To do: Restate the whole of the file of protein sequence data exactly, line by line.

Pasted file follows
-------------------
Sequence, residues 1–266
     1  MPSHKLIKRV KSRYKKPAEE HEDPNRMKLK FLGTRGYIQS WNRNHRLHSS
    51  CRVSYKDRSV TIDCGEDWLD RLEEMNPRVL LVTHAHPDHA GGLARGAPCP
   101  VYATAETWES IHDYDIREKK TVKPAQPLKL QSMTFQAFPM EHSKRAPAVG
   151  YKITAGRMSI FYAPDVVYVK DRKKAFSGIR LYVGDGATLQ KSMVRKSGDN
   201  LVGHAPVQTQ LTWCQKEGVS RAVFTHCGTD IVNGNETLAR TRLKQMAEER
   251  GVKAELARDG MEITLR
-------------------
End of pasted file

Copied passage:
Sequence, residues 1–266
     1  MPSHKLIKRV KSRYKKPAEE HEDPNRMKLK FLGTRGYIQS WNRNHRLHSS
    51  CRVSYKDRSV TIDCGEDWLD RLEEMNPRVL LVTHAHPDHA GGLARGAPCP
   101  VYATAETWES IHDYDIREKK TVKPAQPLKL QSMTFQAFPM EHSKRAPAVG
   151  YKITAGRMSI FYAPDVVYVK DRKKAFSGIR LYVGDGATLQ KSMVRKSGDN
   201  LVGHAPVQTQ LTWCQKEGVS RAVFTHCGTD IVNGNETLAR TRLKQMAEER
   251  GVKAELARDG MEITLR